USAToday – November 2, 2007
Evidently, in this area of Canada, they have done a reasonably good job of counting bears and they cite several statistics that show that bears are declining in numbers. Other studies have shown that there is no significant bear decline so I wanted you to read this story as well.
This story is actually part of the USAToday’s travel section and describes an unusual destination trip in Canada where tourists are allowed to drive out and see polar bears in the wild. I hope that the reason for the decline in bears here is not because of other human interference that the story discusses such as:
- tourists trips
- bear watches
- bear relocations
- bear traps
The so-called bear season in October and November is also the time when 7,500 visitors converge on this Arctic outpost of 1,100 hearty souls to witness the annual migration of the magnificent white behemoths.
Interest in the tours is keen, in part, because of bleak predictions that global warming could cause the world’s polar bear population to shrink by two-thirds in the next 50 years. As the bears’ primary hunting grounds, polar ice is crucial to their survival. But after a 20-year warming trend, Hudson Bay is melting an average of three weeks earlier, scientists say. And it’s freezing later, which keeps the bears land-bound longer. On terra firma from July to November, they grow hungry and skinny in their “walking hibernation” until their return to the ice to bulk up over the winter and spring.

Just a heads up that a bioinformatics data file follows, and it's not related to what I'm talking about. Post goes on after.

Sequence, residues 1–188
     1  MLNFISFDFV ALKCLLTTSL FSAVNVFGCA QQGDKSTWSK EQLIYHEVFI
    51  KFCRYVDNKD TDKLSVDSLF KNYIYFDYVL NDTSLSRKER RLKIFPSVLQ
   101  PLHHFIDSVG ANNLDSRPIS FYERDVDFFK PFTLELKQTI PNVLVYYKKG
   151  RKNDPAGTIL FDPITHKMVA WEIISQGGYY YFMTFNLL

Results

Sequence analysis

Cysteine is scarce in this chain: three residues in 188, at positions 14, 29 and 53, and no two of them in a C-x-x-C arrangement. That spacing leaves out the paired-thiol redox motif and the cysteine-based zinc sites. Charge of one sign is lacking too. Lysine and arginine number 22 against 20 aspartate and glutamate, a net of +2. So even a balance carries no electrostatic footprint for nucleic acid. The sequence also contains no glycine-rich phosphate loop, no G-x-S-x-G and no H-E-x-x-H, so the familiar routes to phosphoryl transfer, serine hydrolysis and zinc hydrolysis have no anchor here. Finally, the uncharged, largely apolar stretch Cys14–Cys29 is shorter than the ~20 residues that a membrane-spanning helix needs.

The Western Hudson Bay population, the most studied group of bears, dropped from 1,140 to 950 in the past decade. The average weight of females is down from 583 pounds to 418 pounds, which has negative reproductive consequences. Moreover, the mortality rate for bears between birth and age 5 is up 50% because of the shortened hunting time on the ice, says Robert Buchanan, president of Polar Bears International, a group that supports research and education.
The main man-made attraction on the city tour is the 28-cell holding facility popularly known as the polar bear jail in a Quonset hut on the grounds of a former military base east of town. It is ringed by bear traps, giant tin can-like contraptions, baited with seal-oil-soaked burlap. Conservation personnel armed with cracker shells patrol the town to drive errant bears into unpopulated areas. Three-time offenders get locked up for the season. Others are flown to remote territory and released.
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Filed under: Getting warmer